I found this comic useful as it gives you a good understanding and feel for her personality. She wasn’t exactly completely innocent before the Joker. She wanted to write a book on serial killers and well, Joker fits the criteria. She willingly joined him into a life of crime, helping him escape from Arkham. We see her choose her own identity to be Joker’s sidekick. Similar aspects of Mad Love are shown in this comic, how despite betrayal, her loyalty remains fervid. She is completely delusional and can see no wrong coming from Joker. How she tells events from her unreliable point of view. Harley views the world through a skewd looking glass, we see this often in her comics and it was recently emphasised in Birds of Prey and The Suicide Squad.
Birds of Prey (2020)
Directed by Cathy Yan
Written by Christina Hodson
Produced by Margot Robbie, Bryan Unkeless & Sue Kroll
You’ve probably seen Margot Robbie’s Harley Quinn postered on every bus and cinema throughout your home town. She’s a credit to comic book fans and creators alike winning several awards and nominations for her embodiment of the role. In 2016, she debuted as a main character in David Ayer’s Suicide Squad. This created an explosion of fans worldwide and led to her reprising the role for Birds of Prey and the following year for The Suicide Squad.
She’s incredible in all these movies but I chose Birds of Prey because we get a fantastic narration and solo point of view from Harley herself on what it’s like to be dropped by the biggest crime boss only to fend for herself in Gotham. Margot evidently did her research preparing for her roles and trained very hard doing all of her own stunts. We see her kindle new relationships with women who are also seeking a new beginning. There’s familiar tones of Batman: The Animated Series and of course, inspiration from the comics. It’s colourful, stimulating, vivid and is filled with glitter. It’s also R rated, absolutely necessary if you ask me. If you’re gonna do a character like Harley Quinn, you have to let her be violent and swear!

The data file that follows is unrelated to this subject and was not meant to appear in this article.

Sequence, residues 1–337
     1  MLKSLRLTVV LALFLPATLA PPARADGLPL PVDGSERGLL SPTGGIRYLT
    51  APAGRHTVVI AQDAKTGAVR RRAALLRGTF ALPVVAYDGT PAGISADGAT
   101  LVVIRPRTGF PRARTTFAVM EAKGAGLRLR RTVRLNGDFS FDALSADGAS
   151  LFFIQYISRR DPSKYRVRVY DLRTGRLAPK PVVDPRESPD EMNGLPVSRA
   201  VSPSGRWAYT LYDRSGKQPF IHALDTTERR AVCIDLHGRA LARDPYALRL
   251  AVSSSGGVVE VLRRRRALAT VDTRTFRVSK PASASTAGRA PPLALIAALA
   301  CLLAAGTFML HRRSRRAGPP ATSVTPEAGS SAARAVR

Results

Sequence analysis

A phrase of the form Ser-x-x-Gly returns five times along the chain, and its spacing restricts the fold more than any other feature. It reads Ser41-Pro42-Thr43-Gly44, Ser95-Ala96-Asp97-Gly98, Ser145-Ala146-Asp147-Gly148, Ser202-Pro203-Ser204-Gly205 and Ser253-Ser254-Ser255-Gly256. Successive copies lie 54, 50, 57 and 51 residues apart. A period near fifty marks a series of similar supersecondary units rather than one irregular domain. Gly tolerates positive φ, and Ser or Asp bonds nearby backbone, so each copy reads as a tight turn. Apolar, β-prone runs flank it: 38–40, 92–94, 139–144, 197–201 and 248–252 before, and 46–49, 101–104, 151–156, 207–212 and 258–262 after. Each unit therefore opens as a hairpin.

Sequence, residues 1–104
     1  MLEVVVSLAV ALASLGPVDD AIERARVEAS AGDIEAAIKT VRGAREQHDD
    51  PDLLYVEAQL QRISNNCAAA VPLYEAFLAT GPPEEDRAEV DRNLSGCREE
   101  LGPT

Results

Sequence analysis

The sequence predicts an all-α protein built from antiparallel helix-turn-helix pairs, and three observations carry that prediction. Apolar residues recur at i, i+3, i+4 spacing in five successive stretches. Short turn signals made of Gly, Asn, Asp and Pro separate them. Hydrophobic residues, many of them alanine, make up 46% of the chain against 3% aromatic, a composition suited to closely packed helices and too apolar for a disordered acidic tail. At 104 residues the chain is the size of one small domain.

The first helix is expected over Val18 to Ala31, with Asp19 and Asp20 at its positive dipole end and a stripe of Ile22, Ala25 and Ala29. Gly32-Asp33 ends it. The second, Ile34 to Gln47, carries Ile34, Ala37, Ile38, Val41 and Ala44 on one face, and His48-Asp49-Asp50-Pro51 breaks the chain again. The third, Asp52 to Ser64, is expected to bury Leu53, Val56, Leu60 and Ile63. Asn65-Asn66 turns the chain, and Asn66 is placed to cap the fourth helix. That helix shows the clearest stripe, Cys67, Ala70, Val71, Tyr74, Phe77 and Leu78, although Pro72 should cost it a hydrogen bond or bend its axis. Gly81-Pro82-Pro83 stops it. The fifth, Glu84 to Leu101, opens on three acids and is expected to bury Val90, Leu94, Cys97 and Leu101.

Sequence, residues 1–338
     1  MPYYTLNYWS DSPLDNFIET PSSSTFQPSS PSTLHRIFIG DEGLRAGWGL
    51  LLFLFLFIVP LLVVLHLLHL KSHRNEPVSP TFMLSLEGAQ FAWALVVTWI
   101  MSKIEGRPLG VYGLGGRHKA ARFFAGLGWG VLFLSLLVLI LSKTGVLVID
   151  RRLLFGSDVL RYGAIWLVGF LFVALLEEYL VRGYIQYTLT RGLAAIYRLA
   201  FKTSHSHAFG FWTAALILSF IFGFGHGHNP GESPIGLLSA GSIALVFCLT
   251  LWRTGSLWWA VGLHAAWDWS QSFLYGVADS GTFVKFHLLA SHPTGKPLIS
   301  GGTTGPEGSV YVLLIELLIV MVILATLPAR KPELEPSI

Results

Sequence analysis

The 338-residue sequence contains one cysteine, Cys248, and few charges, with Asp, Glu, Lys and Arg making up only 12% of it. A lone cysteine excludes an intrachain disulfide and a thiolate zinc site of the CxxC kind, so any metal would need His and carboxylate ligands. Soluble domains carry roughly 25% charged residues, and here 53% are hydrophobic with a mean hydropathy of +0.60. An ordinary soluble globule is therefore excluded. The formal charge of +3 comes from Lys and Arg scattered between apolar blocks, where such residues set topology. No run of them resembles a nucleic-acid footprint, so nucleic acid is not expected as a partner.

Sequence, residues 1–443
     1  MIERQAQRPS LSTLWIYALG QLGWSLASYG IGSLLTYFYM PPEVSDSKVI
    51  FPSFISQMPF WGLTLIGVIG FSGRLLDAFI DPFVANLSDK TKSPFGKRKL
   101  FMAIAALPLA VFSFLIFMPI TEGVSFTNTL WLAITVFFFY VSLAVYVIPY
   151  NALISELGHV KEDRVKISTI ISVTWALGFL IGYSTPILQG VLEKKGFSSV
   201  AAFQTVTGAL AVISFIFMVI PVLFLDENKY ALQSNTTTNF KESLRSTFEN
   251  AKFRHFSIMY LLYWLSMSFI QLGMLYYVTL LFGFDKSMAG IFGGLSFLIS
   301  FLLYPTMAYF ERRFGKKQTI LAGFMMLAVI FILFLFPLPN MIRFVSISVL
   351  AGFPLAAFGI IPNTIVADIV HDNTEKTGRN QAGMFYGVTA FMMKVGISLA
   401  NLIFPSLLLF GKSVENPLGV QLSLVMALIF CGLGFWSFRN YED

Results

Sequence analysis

Harley Quinn: Hot In The City (2013)
Written by Amanda Conner and Jimmy Palmiotti
Art by Chad Hardin
Colours by Alex Sinclair & Paul Mounts
Letters by John J. Hill
Executive Editor: Bobbie Chase
This happily married duo have co-written Harley Quinn for over five years, and have evolved her over time into the anti-hero we all know today. Jimmy himself lived in Brooklyn most of his life so they have a handle on her mannerisms and lingo. They sent her on all kinds of fun adventures and brought so many concepts to life. The duo always ensure to have Harley as a focal point in each storyline, building her even more, providing exposed environments we haven’t seen before. She’s officially out on her own with all ties to Joker gone for the most part. She sets out in a new city, a new identity and a mission to become her own boss. The characters around her challenge her and keep things interesting.
The team also portrays her moral compass in a compelling way, never letting us forget where she came from.These comics have influenced so much other Harley media in later years; the team even included Margot in their series! Not to mention Margot bringing new material to the table. One of my favourite references is when the game Lego DC Super-Villains mentioned her scatapult that’s featured in this series. Both comics and other media are in constant reference to each other, which is another great thing if you enjoy easter egg hunting!
Harley Quinn: The Animated Series (2019)
Produced by Dean Lorey, Justin Halpern, Patrick Schumacker, Kaley Cuoco & Sam Register
If reading is a little overwhelming at times, I suggest this show as it covers the necessary information about the character as well as the show itself being point blank hilarious. I’ve got to hand it to this show giving a really accurate representation of the character, and have pretty much covered everything essential within two seasons. Harley and Ivy’s relationship is a main plot line which is a huge win. You can sit back and relax and enjoy watching Harley course through her not so normal life. If Murphy’s Law was a character, that would be Harley Quinn. Anything that can go wrong, will go wrong. It provides structure and challenges all building her into a better, more experienced character.